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Freeman Brothers

Australian, founded 1855

Institution: Freeman Brothers
William Freeman arrived from London in 1853 and worked at John Wheeler’s Sydney Photographic Rooms in Bridge Street. His brother James joined them in 1854 and the studio, which moved to George Street, advertised as Freeman Brothers and Wheeler.

By early 1855, the company was simply Freeman Brothers and wealthy citizens visited Freeman’s Sydney Gallery of Photographic Art to have their daguerreotype portraits made. By 1856, the ambrotype, a new process on glass, which James Freeman had brought to the colony, became fashionable and Freeman was able exploit the faster medium.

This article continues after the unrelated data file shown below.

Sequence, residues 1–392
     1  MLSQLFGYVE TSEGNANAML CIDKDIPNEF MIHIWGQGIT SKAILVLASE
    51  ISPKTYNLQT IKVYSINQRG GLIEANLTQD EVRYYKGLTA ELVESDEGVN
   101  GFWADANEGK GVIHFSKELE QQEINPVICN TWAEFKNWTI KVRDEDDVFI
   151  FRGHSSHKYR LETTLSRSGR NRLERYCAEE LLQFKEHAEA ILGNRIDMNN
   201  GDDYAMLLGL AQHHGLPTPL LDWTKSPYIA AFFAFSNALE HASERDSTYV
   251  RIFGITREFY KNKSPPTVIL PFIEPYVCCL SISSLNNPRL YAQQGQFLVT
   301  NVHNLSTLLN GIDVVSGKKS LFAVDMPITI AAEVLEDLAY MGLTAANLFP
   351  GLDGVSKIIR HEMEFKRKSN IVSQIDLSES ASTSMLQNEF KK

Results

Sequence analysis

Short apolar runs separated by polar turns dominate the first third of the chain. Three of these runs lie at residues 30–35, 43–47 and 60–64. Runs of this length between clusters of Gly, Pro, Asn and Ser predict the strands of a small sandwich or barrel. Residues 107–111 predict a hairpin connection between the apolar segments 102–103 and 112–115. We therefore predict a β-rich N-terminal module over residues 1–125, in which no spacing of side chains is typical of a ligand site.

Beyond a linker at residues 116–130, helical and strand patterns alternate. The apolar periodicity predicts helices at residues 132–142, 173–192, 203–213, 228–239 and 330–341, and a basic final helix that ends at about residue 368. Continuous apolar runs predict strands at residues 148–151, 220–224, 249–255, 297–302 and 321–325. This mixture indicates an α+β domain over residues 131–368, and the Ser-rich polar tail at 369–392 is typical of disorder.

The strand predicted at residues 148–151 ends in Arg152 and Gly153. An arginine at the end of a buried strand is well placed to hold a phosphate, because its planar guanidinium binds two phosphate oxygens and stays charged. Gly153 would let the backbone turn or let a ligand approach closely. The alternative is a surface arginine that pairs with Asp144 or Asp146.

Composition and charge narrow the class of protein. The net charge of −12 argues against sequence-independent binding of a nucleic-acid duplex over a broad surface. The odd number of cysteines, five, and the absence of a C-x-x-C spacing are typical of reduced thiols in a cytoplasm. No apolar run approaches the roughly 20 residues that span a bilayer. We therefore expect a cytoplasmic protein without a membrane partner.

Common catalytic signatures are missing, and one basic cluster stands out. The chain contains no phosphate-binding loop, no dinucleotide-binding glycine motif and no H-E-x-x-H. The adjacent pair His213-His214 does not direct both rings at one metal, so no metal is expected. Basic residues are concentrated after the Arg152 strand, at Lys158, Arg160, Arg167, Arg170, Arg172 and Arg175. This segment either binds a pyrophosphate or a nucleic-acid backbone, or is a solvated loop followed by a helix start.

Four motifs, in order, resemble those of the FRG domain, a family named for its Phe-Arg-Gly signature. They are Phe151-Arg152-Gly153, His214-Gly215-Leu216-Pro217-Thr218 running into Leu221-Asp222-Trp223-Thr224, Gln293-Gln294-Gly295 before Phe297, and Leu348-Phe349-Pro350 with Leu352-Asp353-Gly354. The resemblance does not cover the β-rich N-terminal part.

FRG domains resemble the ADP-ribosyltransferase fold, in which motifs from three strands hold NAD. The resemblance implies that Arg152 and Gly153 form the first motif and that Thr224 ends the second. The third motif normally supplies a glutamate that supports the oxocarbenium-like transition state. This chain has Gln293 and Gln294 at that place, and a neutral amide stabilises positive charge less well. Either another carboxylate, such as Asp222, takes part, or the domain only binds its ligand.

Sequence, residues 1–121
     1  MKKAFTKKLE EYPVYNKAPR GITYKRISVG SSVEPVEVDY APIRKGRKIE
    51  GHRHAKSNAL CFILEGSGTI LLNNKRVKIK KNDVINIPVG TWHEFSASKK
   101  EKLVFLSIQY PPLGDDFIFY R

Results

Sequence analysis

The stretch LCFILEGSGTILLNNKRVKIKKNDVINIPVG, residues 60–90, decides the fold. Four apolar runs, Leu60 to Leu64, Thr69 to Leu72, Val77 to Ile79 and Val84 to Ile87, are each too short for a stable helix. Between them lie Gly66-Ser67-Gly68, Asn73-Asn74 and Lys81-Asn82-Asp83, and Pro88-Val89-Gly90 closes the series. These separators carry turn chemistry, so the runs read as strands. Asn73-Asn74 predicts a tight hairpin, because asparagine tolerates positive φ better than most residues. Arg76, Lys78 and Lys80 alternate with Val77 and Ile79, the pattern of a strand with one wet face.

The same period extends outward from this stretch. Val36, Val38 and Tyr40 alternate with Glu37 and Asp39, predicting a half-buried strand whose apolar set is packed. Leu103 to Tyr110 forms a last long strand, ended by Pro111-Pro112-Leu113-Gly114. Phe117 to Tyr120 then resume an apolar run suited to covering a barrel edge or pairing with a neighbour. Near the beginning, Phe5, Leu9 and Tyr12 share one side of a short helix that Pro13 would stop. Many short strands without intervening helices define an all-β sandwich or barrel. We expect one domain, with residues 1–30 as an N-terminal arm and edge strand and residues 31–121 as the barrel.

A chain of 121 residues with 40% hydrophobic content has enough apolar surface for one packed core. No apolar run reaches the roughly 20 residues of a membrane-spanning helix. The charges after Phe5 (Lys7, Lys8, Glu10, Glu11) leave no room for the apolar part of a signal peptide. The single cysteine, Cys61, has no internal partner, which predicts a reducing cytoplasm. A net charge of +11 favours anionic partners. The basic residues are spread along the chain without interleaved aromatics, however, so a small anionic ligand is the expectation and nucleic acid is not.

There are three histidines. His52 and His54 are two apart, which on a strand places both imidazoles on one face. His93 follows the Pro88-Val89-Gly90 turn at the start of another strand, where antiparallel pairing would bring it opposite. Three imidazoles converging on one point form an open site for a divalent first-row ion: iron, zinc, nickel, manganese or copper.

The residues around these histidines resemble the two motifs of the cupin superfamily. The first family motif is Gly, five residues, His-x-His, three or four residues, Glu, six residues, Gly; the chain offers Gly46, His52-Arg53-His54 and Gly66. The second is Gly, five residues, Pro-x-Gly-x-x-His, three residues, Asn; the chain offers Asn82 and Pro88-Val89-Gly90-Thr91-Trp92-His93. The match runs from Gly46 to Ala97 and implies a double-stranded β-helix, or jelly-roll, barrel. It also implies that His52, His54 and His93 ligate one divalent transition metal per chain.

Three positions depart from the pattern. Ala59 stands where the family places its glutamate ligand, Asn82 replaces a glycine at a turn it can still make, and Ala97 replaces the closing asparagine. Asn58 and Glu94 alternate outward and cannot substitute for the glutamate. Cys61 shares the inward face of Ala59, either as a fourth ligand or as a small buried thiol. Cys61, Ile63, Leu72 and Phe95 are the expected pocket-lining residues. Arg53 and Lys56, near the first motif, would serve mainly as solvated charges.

The 1860s saw a revolution in photography with the introduction of the mass produced carte-de-visite, a small paper photograph the size of a visiting card. For the first time, it was possible for the working class to be photographed.

Freeman produced over 30,000 carte-de-visite negatives by 1870, but these early negatives were destroyed: the Library has no carte-de-visite negatives prior to 1875, although 18,000 exist after that date.

Partnership with the noted English photographer Victor Prout in 1866 gave them additional status, and Freeman & Prout began to advertise as ‘photographers to their Royal Highnesses the Prince and Princess of Wales and His Excellency the Governor.’

William and James Freeman returned to England in 1868, leaving the business in the hands of their staff. William came back to Sydney after the death of James in 1870 and continued to produce carte-de-visite and larger portraits from several premises along George Street.

The studio passed into the hands of long time employee William Rufus George, soon after William Freeman retired around 1890.